At 8/17/2009 3:10 PM, Blogger Julie Coulter Bellon said...

I refused to watch Lost because JJ Abrams is a part of it and after Alias I decided I wouldn't watch any more TV shows of his because he can write amazing beginnings that hook you, (the first three seasons of Alias were amazing), but the rest just sort of sucks after a while. Of course that is just my opinion.

As for Goodreads, I need to use it more. I've gotten a lot of recommendations for books to add to my to read list there, though, and I like that.

My son is going to be thrilled you've posted these chapters. Can't wait to read the whole book!

At 8/17/2009 4:29 PM, Anonymous Wm Morris said...

I love GoodReads. I suggest that you just not do the star ratings.

I still do them because a) I'm not an author and b) I like being forced to make a decision. But I know that if I could do half stars, that'd lead to a more accurate representation of how I rate them. And I'm very sparing with 5 stars.

But there's no reason why you have to assign stars. In fact, because of what Traci mentions above, I tend to give little to no credence to what my friends rate a book (other than if it's a 1 or a 5 star), but I always read their reviews and take those very much in to account.

At 8/17/2009 4:59 PM, Blogger Jon Spell said...

I don't know that I'd say I'm particularly cultured when it comes to what I'll read, but I do cringe at the thought of telling an author that I'm acquainted with something bad about a published book, when nothing can be changed. (Kerry, I swear this is not about you!) Goodreads is fun, though, if just to see what my friends are reading.

Jeff, stick with Lost. The first half of the 3rd season drags, but the rest is pretty good stuff. I agree, the first episode is just amazing. I can't decide whether the writers really knew where they were going with some of the later story-arcs, still it's good storytelling, no matter what. (Polar bears in the jungle?)

William: I just have to say that you are the most prolific reader I've ever known (based on your Goodreads list) and I know a lot of readers!

At 8/17/2009 7:35 PM, Anonymous Wm Morris said...

People keep saying that, Jon. I'd love to be able to claim some sort of special power or dedication related to it, but it's very simple math:

Since my mission, I have always had a daily commute on public transportation that was anywhere from 60-100 minutes (one-way) AND access to library that's either very close to my house or at work or school. I'm also too cheap to buy an ipod and so have a cheap little Sansa MP3 player that I have to manually load songs and podcasts on to and doesn't do video. Thankfully, I'm now at the shortest commute of my life so far -- 55-60 minutes, but that's still 110 minutes a day of time where I'm either waiting for or on the bus. Take away 10 minutes for gospel study every morning and a few stray minutes here and there that's 90 minutes of reading time per day or 450 per week. I can read about 100 pages per hour (this rate slows way down if for academic writing, but I don't do much of that anymore). So that's around 750 pages per week. Even accounting for the fact that I'm a fairly fast reader (although not remarkabl so), anyone with my commute could read 2 books a week without taking any time away from work or home (e.g. no lunch breaks, no reading in the evening or on weekends, etc.).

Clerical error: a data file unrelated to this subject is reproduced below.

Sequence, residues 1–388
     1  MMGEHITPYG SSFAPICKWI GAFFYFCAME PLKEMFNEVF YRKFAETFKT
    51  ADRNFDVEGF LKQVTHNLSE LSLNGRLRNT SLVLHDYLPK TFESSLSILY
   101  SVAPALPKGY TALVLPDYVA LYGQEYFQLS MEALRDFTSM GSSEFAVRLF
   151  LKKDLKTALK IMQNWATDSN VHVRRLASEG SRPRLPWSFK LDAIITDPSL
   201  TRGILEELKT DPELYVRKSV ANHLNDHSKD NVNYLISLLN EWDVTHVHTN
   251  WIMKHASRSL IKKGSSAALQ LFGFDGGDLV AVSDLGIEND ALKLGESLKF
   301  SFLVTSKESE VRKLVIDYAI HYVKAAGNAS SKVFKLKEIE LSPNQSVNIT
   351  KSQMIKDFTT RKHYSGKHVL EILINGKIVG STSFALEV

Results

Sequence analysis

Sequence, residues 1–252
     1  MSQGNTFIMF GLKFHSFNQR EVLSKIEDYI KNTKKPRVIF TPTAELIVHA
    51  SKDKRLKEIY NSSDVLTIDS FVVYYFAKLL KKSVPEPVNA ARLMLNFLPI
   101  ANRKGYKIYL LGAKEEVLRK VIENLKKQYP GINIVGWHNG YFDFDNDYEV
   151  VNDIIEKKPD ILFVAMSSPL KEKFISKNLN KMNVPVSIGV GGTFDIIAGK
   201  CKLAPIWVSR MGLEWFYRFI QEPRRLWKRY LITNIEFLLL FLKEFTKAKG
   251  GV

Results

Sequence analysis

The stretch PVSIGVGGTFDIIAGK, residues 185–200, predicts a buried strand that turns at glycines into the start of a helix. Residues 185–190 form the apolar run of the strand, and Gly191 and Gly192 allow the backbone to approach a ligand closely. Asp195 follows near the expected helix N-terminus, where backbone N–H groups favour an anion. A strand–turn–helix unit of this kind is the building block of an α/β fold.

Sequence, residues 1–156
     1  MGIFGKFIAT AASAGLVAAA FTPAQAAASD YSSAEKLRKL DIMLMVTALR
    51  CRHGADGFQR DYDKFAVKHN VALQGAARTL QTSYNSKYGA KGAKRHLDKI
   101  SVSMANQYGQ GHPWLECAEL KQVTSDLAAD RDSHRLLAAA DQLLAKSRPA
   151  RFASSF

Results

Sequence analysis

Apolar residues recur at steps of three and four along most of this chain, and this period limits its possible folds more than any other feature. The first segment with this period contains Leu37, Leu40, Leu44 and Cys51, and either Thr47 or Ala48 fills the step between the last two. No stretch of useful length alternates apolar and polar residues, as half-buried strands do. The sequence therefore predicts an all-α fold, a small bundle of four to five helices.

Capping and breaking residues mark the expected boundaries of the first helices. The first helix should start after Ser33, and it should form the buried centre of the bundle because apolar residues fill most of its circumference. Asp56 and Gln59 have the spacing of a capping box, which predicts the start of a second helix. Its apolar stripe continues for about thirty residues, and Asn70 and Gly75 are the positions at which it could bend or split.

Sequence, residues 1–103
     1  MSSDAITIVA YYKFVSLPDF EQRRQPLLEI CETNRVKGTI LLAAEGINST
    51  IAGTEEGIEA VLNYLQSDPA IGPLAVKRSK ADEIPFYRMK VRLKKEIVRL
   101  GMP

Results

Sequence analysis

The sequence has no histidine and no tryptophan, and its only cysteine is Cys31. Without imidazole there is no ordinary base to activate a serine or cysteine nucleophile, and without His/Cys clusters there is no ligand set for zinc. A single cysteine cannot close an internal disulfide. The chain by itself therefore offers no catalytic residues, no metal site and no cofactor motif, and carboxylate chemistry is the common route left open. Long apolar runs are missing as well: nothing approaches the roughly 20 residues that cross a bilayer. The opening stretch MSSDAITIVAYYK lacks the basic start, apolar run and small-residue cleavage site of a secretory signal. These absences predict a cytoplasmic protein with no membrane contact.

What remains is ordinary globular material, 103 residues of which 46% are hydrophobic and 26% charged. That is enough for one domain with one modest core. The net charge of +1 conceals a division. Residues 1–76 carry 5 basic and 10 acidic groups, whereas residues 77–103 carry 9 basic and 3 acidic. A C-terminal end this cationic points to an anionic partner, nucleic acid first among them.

I have to say that GoodReads has helped me immensely in branching out with my reading. First, because it helps me track what I want to read (before I had every dumped in this huge Word doc). Second, because the categories help remind me to not just stick to literary fiction and sci fi/fantasy (although those remain my mainstays). And third, because I get to see what other people read and use their reviews to add to my to-read list.

I have to admit to some guilt over the major lack of Mormon fiction and nonfiction read over the past couple of years. It's just too easy to switch between GoodReads and my local library and order books that they have. I really need to repent and start ILLing titles (like Jeff Savage's -- although my library might have the Farworld books).

Also: I too am a total non-Lost watching dweeb. Which is silly because it's exactly the kind of show I'd like and because such a huge cross spectrum of my friends are in to it. But it started when my daughter was a baby and somehow my wife and I just never got back in to it (even though we use Netflix mainly for TV series rather than movies) and now it seems so daunting.

At 8/17/2009 8:21 PM, Blogger Melanie J said...